The adhesive layer can be applied as an aqueous dispersion or an organic solution of the coating agent. Where the layer is extremely thin the dispersion or solution can be applied in a highly thinned form. Concentrations of from 0.1% to 40% wt., preferably from 1 to 10% wt. are effective. The liquid coating agent can be applied by painting, pouring, rolling, spraying or any other known method. The applied coating liquid, if necessary, can be distributed uniformly with a doctor, for example a wire doctor, a toothed doctor, a rubber or an air doctor. Immediately after application, the liquid component is evaporated, for example in a warm air dryer. Subsequently, the oxide layer is applied in the same way. It is preferable that a colloidal, aqueous solution or dispersion of the oxide be applied. It is also possible, however, to apply a compound of silicon or other metal which is then hydrolyzed on the surface. For example, a solution of an orthosilicic acid ester can be applied in a weakly acidulated alcohol. The ester is hydrolyzed during or after the drying of the coating. It is important that the coating liquid achieves complete coverage. This can be facilitated if necessary by the addition of--preferably non-ionic--surfactants. Suitable surfactants include, for example, oxyethylated fat alcohol in a concentration of from 2 to 20% by weight surfactant, relative to the oxide content, and preferably from 3 to 5% by weight. It is preferable that no more of the surfactant is used than is necessary for uniform wetting. The water is subsequently evaporated, again preferably in a warm air dryer. During the drying process the temperature in the coating generally does not climb above 50° to 60° C. The adhesion and resistance to being rubbed off are again noticeably improved if the dried coating is heated even further for a given period, for example, at least 3 minutes and preferably 5 to 10 minutes at more than 80° C. Depending on the type of plastic, temperatures of more than 100° C. can be used, sometimes up to 150° C.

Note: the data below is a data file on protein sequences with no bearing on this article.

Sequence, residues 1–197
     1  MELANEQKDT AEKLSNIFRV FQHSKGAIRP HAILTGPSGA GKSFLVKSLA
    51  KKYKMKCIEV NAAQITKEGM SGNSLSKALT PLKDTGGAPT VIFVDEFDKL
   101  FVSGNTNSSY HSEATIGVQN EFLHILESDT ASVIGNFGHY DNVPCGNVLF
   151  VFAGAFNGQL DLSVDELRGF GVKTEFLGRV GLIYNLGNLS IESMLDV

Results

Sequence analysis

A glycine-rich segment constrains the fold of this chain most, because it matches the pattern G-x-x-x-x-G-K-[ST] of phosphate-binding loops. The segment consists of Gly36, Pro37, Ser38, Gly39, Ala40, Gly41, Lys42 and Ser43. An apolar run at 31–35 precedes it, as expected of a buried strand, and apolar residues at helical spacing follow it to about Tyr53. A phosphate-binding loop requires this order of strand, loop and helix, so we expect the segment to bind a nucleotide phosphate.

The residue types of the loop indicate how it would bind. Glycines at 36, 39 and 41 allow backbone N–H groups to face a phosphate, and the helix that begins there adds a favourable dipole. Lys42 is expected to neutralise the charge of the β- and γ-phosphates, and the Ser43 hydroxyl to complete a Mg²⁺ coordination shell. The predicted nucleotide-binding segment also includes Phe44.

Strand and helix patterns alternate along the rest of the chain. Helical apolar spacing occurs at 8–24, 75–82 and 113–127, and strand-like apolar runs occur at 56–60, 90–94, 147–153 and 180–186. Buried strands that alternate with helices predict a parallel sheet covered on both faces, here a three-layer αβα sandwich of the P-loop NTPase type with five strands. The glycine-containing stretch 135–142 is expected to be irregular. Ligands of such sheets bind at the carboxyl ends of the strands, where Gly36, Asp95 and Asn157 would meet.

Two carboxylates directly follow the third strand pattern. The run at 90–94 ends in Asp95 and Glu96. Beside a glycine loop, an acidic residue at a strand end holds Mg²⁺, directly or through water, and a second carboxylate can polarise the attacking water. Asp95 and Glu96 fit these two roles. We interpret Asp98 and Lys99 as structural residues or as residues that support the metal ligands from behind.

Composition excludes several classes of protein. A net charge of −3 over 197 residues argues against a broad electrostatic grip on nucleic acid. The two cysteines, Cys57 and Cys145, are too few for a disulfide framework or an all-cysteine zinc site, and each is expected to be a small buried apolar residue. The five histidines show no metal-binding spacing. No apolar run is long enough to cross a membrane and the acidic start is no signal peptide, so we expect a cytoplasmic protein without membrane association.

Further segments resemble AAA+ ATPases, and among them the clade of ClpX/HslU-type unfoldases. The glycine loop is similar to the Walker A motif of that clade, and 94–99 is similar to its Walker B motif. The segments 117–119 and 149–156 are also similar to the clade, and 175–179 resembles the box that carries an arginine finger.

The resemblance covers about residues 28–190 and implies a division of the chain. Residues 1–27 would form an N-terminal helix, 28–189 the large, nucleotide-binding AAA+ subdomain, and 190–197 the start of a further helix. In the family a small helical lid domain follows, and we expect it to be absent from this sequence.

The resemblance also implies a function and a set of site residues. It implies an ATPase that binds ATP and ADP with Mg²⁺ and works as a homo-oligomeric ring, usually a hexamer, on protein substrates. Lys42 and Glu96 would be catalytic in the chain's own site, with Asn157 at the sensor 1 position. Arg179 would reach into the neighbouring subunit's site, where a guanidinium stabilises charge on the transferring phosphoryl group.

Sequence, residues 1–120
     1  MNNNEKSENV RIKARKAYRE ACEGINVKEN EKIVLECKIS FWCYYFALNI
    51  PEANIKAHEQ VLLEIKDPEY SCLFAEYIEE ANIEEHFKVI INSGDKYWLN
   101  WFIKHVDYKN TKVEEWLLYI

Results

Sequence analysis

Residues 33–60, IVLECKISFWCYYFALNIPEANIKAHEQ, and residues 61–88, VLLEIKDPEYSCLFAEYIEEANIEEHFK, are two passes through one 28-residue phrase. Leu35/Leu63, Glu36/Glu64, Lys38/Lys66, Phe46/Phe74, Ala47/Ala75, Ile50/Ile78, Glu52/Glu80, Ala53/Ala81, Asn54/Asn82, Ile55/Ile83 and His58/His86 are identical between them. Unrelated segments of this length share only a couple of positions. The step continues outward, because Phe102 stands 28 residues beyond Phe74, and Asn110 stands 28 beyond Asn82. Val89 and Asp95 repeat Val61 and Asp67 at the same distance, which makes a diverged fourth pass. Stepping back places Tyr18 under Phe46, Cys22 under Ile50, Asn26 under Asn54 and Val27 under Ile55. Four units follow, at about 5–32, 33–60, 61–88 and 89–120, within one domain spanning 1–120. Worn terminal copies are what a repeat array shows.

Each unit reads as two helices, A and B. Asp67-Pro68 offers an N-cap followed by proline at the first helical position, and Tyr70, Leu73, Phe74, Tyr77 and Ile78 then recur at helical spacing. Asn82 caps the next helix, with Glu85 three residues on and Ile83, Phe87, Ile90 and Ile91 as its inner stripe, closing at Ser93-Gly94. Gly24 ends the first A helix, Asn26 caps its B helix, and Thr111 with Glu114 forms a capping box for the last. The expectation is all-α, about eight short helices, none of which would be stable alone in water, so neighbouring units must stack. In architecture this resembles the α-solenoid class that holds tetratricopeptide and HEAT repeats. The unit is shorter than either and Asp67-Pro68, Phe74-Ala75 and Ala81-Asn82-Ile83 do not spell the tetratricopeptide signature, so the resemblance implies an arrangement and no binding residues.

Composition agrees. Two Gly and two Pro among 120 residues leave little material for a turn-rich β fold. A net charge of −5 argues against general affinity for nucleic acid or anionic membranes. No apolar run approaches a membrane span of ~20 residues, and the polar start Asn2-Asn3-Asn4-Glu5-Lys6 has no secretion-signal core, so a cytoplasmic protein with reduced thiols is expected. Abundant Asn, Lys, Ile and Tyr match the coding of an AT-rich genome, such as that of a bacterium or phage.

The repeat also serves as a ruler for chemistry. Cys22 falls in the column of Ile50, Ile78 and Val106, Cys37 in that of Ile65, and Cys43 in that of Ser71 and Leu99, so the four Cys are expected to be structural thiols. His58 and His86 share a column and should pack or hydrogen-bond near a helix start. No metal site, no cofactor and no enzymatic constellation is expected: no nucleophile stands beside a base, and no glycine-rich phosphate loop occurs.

Thereafter, the coated plastic element can be used for the intended purpose. For transport from the place of manufacture to the location of use, the surfaces of rigid plastic elements are usually protected at least by a weakly adhering, easily removable foil. The protective foil can be made of paper or plastic; but polyolefin foils are preferred. It has been demonstrated that, for this purpose, common protective wraps, which have an adhesive layer, adhere more strongly than is desired to the coated surface. In order to ease the removal of the protective foil at the place of use, another thin layer of a water-soluble material is applied onto the water-spreading layer. For example, dextrine, cellulose ethers, sodium polyacrylate and methacrylate, polyvinyl alcohol or gelatins. The protective foil can be removed easily from the intermediate layers. The water-soluble intermediate layer does not need to be removed, because it itself has a water-spreading effect. In time, it will be removed by the flowing condensation water, leaving then the permanent water-spreading coating according to the invention.
The outer shape of the plastic materials coated in accordance with the present invention is irrelevant. The coating of the present invention can find interesting application to a wide variety of uses where it is required that water collecting thereon will not remain in droplet form, but rather will coalesce into a cohesive layer. These qualities are particularly desired for glazing, celling and roofing materials.